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Cate Burgan

Portrait of Cate Burgan

Cate Burgan – Nashville, Tennessee

Working in one of Washington, D.C.’s oldest neighborhoods, Anacostia, I knew I was going to uncover interesting stories. It’s an area rich with Black history and pride. When speaking with the residents over the past semester, a lot of them felt animosity towards being an underfunded and misrepresented area, but that still didn’t break their spirit.

Something I did not expect was to encounter so many genuinely nice people. Being in a city, you often come across people who have their heads down and are trying to get to their next destination as quickly as possible.

But not in Anacostia.

It really felt like I was entering a small, tight-knit community within a big city. People yelled greetings at each other across the street, and were so kind to let us enter their spaces, businesses and, ultimately, their home. It became apparent to me how proud they were to be from “east of the river” in every conversation I had.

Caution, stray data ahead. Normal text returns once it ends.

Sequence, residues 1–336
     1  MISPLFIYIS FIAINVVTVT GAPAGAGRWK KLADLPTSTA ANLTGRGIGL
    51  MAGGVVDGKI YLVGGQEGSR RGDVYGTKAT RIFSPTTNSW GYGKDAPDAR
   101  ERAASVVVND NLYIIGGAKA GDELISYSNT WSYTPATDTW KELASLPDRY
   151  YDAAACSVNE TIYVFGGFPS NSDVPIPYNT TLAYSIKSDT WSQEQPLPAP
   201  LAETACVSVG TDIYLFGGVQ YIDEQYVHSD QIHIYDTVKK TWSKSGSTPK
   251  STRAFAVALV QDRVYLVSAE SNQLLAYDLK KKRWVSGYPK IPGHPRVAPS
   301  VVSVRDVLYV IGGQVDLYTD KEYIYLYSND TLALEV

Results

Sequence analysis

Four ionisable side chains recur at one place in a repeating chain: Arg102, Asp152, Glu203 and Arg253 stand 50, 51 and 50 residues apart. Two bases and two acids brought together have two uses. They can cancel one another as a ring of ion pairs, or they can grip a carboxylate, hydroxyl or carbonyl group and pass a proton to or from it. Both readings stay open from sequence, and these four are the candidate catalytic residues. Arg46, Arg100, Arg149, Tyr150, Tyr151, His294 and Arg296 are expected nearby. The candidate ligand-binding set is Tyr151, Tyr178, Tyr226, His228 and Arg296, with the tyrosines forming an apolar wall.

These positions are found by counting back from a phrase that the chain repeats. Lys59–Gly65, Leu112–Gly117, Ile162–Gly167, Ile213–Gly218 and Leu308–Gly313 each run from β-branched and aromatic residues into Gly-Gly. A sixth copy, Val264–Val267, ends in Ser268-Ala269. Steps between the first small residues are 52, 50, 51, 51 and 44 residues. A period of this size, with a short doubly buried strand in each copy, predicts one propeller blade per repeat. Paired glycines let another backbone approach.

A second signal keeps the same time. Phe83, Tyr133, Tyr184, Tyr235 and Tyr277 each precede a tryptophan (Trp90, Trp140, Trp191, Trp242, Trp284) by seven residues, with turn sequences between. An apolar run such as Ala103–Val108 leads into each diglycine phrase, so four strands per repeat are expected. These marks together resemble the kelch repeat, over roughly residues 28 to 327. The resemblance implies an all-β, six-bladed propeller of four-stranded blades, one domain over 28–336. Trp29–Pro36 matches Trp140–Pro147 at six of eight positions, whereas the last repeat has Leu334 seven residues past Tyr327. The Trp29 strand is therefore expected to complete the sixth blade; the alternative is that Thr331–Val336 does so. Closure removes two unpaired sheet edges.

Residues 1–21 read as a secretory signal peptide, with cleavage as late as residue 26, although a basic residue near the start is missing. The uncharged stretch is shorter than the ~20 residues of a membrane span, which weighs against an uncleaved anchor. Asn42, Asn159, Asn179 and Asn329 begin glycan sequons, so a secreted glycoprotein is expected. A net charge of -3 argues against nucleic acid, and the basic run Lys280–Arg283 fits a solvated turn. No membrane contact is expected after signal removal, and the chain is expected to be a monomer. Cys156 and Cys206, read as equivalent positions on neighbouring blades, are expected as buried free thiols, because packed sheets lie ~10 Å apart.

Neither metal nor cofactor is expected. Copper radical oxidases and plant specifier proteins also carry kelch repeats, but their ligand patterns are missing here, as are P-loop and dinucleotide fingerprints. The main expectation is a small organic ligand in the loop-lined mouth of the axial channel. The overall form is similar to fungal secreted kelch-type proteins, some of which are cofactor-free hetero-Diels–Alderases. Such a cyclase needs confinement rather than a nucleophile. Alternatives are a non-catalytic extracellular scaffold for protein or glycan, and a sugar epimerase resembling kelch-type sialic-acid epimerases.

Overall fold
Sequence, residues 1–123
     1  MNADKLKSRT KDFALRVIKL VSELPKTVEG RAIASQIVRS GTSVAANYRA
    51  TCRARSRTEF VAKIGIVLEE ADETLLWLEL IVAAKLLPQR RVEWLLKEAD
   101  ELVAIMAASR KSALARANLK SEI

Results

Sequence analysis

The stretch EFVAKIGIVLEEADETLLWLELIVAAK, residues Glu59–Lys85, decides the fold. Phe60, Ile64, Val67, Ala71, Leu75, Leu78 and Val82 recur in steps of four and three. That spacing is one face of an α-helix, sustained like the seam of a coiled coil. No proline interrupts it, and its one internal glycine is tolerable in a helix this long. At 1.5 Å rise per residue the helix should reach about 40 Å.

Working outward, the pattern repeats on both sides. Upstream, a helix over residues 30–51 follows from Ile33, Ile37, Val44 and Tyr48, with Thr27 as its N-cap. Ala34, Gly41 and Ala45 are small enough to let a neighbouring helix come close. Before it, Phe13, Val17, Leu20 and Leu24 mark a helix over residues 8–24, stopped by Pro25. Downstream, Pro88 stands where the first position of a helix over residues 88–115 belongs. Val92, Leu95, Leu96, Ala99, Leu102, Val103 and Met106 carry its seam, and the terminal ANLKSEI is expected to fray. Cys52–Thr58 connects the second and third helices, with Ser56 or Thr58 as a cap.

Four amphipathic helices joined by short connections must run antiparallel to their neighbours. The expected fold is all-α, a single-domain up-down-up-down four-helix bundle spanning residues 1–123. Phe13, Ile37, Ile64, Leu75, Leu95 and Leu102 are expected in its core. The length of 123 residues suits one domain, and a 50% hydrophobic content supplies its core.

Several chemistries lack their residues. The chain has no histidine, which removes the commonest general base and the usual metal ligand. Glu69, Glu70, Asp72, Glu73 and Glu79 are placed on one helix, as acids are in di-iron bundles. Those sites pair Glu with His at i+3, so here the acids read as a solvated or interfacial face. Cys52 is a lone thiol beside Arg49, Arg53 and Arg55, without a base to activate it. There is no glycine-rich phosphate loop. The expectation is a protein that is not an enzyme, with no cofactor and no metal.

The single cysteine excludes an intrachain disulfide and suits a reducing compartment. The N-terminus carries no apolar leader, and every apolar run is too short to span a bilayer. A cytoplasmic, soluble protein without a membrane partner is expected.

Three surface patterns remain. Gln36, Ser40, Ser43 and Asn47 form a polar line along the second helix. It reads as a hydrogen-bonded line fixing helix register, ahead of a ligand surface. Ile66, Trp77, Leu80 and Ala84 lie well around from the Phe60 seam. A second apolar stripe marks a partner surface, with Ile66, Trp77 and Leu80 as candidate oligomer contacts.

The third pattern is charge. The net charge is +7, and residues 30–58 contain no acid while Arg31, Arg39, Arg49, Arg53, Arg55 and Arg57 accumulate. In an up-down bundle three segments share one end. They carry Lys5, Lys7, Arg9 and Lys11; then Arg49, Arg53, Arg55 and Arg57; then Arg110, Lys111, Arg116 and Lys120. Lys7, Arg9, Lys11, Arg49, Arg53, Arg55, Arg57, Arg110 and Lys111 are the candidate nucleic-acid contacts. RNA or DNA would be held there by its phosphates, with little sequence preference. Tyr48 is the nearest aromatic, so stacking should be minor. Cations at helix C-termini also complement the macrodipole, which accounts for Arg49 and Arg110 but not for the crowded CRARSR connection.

One place that I identified as a staple in the community was the Anacostia Arts Center. The center fosters community and captures that pride of what it means to be from the southside.

The AAC is multifaceted. It has art, food, clothes and a loving work family. I was lucky enough to speak with Jess Randolph, the center’s associate creative director. She explained to me that Anacostia is full of people with unique ideas and passions, but they don’t get the same opportunities to express them as those west of the Anacostia River.

A big aspect of the AAC is creating and promoting generational wealth among, specifically, Black women. I was able to speak with two of those women, and their gratitude and love towards not only the AAC –– which holds their businesses –– but the community which supports their business was increasingly apparent.

I was grateful to be a very small part of helping to tell these stories of Black women in Anacostia, but my biggest take away is that we cannot stop here.

As members of D.C., and especially those of us who reside west of the Anacostia River, we must make an active effort to support small businesses and creatives in Anacostia in any way we can in order to help promote wealth in their community.